Sir.—Greer and Apple's interesting article1 pointing out the relationship between formula companies and the medical profession tells only part of the story. In alluding to the formula companies working out of self interest, as expressed by Mead Johnson, they did not point out that the medical profession was also acting in its own economic interest when it helped establish that "comfortable, symbiotic relationship" with the formula companies. The financial benefit accrued by physicians when parents require medical assistance to feed their infants is hardly mentioned. (It is unlikely that many mothers 80 or 100 years ago would have consulted the doctor on how to breastfeed, since they knew that most doctors—almost all men—would not have been able to help them. Mothers now do consult doctors about breastfeeding, but, unfortunately, the medical curriculum is such that doctors still do not know how to help them. Indeed, doctors usually hinder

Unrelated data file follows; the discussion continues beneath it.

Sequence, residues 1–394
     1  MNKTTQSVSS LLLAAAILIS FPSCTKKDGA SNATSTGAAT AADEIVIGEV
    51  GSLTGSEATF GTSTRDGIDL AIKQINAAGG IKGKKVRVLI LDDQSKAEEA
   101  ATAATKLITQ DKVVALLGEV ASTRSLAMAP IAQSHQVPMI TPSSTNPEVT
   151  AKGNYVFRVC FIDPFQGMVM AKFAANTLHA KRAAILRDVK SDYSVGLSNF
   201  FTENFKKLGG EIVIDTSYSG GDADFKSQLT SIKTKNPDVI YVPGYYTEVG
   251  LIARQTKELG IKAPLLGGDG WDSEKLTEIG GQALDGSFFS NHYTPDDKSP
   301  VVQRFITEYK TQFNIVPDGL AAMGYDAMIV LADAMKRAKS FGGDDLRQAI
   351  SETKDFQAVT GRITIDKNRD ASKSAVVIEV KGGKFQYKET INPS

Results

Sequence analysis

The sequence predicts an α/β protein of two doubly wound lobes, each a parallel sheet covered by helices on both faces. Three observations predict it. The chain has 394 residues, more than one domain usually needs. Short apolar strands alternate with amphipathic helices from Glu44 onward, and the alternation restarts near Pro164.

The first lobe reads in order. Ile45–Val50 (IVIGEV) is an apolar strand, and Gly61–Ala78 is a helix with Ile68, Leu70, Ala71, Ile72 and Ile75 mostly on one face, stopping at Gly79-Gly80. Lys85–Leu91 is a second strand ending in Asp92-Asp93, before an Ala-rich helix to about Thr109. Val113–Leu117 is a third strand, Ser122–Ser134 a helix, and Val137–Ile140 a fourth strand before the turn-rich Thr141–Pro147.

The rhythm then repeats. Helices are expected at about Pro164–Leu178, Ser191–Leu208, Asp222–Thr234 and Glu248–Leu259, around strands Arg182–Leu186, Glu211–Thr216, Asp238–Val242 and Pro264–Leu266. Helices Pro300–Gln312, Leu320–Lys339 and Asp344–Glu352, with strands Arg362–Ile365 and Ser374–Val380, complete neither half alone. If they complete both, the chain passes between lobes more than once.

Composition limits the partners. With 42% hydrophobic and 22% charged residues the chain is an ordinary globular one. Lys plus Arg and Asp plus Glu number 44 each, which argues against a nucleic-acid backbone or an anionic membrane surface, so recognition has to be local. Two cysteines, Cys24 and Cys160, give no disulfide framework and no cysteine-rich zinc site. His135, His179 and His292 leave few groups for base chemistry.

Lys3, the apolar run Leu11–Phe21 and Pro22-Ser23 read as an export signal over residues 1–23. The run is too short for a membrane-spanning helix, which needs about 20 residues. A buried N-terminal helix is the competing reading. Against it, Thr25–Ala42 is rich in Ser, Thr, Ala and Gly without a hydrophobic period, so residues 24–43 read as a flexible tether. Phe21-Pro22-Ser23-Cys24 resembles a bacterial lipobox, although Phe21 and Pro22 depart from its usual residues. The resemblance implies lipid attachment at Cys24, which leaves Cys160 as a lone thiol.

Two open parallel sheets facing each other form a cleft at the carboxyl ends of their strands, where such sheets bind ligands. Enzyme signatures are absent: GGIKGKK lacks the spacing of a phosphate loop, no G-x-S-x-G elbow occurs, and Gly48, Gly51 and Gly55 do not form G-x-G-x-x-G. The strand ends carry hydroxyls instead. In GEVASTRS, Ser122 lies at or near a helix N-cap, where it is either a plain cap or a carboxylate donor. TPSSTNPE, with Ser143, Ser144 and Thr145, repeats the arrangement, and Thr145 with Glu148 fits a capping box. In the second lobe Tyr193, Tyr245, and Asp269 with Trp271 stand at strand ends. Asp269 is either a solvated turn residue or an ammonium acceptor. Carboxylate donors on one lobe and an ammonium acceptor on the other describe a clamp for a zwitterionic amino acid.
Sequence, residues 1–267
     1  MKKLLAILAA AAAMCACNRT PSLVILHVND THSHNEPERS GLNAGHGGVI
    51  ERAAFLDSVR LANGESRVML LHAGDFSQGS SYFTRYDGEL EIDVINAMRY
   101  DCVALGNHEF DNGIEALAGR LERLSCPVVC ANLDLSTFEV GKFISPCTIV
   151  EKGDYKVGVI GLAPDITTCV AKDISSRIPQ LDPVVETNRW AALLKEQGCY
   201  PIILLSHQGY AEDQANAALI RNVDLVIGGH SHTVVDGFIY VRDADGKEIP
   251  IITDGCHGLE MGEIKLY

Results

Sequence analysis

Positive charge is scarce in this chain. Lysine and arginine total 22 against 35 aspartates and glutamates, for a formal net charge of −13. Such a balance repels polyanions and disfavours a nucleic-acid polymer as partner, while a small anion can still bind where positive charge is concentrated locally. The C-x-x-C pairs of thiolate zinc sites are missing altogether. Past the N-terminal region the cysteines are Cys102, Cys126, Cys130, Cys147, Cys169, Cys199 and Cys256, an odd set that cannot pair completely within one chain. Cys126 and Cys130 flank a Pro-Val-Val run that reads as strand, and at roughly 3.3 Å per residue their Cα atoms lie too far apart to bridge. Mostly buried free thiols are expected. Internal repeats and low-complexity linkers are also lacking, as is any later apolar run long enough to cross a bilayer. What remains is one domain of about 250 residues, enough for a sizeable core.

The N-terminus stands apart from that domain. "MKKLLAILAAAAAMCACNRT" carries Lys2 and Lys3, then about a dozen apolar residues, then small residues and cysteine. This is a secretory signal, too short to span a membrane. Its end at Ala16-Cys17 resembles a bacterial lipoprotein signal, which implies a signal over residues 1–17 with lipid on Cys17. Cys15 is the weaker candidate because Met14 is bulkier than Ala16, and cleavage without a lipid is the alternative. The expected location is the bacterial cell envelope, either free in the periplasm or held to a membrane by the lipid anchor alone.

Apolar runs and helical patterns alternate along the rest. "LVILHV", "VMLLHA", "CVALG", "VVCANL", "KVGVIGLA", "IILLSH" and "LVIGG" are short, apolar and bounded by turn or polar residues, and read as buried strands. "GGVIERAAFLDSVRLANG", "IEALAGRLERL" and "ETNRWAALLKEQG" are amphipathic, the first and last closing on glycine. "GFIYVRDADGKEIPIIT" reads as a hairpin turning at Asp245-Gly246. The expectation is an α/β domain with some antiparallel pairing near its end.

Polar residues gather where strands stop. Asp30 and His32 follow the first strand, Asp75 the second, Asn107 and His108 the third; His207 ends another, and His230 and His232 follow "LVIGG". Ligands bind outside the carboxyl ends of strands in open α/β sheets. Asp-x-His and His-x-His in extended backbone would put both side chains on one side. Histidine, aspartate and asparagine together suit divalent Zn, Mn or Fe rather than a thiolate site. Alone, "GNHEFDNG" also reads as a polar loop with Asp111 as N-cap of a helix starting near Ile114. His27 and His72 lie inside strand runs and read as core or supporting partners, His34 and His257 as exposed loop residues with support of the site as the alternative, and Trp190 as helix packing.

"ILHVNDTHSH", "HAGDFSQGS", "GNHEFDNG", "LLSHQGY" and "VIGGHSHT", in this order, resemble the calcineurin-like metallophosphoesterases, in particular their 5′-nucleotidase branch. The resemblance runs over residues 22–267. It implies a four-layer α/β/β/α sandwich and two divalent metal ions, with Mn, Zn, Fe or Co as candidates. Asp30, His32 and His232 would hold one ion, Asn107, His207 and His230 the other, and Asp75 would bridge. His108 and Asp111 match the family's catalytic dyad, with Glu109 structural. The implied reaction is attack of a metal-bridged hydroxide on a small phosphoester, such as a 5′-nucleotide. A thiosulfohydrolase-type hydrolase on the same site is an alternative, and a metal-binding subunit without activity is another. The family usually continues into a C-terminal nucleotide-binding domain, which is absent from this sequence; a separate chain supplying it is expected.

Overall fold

NEWMAN J. Formula Companies and the Medical Profession. Am J Dis Child. 1991;145(10):1089–1090. doi:10.1001/archpedi.1991.02160100020011
Pediatrics in JAMA: Read the Latest
Customize your JAMA Network experience by selecting one or more topics from the list below.